Humanizing HABS: Rethinking the Historic American Buildings Survey's Role in Interpreting Antebellum Slave Houses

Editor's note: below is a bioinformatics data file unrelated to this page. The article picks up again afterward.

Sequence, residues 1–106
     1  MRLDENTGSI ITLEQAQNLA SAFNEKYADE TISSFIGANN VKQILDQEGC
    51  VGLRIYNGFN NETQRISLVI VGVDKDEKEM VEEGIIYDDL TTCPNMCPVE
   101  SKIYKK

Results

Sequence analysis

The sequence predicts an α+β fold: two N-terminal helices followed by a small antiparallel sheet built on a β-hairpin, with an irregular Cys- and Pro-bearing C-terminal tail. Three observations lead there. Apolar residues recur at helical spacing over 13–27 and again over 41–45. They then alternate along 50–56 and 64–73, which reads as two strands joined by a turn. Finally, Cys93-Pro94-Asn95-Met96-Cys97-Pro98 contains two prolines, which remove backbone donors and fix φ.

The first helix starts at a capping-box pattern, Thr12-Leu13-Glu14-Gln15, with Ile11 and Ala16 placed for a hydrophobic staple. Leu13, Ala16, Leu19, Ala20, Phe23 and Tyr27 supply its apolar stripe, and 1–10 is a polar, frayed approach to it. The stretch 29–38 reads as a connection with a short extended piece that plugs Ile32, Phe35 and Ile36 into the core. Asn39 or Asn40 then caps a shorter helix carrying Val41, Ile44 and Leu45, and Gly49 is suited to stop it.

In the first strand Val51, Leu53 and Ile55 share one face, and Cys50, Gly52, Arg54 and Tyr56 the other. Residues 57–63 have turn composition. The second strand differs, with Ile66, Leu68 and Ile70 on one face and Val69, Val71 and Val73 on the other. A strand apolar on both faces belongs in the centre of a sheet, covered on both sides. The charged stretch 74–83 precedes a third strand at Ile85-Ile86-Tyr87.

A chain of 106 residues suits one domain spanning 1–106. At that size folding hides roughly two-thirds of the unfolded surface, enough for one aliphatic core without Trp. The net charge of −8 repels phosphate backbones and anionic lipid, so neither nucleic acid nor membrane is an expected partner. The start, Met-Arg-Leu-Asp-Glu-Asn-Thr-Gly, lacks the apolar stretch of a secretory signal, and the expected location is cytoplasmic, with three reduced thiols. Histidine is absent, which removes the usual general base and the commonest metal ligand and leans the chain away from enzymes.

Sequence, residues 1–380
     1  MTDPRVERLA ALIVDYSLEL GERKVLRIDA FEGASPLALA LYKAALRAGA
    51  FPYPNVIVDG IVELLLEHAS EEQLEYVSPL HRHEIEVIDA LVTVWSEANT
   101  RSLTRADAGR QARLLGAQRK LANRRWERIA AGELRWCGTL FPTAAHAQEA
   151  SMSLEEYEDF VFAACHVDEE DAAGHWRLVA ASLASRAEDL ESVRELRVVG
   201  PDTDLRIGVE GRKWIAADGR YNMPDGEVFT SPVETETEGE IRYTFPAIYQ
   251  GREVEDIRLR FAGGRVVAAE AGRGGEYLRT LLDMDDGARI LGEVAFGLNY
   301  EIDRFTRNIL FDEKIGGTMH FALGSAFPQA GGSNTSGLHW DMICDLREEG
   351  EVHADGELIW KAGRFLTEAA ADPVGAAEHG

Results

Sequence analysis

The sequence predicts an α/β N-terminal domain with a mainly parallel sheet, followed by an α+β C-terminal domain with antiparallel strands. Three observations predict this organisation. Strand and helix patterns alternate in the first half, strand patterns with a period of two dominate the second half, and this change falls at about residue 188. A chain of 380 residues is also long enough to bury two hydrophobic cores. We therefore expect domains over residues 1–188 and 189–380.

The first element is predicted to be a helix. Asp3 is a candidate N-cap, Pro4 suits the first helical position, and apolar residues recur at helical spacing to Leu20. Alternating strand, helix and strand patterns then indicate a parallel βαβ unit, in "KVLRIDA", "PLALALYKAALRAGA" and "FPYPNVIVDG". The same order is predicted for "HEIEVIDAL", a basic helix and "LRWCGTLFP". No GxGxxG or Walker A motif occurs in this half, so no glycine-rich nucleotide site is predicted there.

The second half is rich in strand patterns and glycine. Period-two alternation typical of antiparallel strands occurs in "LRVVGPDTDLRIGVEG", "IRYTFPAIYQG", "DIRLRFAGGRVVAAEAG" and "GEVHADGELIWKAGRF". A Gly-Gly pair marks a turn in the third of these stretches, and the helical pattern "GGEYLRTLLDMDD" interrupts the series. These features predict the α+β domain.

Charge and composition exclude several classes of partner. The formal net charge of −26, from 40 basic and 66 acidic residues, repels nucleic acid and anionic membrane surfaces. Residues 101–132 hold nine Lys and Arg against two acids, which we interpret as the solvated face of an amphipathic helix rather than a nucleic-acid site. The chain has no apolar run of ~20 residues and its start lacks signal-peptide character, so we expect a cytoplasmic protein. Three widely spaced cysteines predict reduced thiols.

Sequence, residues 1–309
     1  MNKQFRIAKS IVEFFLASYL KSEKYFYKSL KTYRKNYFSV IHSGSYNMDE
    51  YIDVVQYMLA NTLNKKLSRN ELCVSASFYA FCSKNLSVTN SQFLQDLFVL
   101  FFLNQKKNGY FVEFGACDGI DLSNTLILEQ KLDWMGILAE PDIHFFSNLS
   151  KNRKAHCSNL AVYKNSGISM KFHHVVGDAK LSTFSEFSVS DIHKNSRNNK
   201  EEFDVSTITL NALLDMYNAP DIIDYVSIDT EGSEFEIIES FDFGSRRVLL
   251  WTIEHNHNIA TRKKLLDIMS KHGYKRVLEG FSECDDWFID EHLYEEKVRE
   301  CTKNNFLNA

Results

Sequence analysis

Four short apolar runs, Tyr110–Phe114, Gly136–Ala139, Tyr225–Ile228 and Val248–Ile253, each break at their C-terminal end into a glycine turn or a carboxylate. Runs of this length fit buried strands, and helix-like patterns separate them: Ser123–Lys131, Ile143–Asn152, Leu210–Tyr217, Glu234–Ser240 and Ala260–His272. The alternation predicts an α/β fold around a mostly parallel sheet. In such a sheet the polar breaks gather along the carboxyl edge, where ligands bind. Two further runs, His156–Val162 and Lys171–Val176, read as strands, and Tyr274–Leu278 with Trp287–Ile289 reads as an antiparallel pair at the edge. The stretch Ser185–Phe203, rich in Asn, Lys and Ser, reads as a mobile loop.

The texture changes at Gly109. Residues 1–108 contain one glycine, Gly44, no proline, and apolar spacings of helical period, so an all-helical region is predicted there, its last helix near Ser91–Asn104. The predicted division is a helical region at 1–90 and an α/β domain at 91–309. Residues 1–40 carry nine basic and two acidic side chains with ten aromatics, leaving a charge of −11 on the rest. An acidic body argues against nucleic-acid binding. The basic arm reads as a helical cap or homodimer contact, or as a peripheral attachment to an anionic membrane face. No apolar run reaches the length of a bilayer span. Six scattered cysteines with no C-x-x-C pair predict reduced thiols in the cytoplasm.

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The Historic American Buildings Survey (HABS) and the Federal Writers' Project were two government survey programs from the 1930s that, in part, documented slavery in America. Historically stakeholders utilized these resources in isolation of one another. Coordination between the two programs in this study has identified five documented slave houses from the HABS collection that are directly linked to a slave narrative recorded by the Writers' Project. The slave narrative brings to life the spatial density, degree of accommodations, nature of the facilities, and attitudes of those who inhabited the slave house. The relationship between the historical record and the stories of the inhabitants is crucial to our understanding and interpretation of the lifeways and settings of enslaved African Americans in the Antebellum South. Historic preservationists now have five personal accounts of the historic plantation landscape upon which to build future interdisciplinary appreciation and research.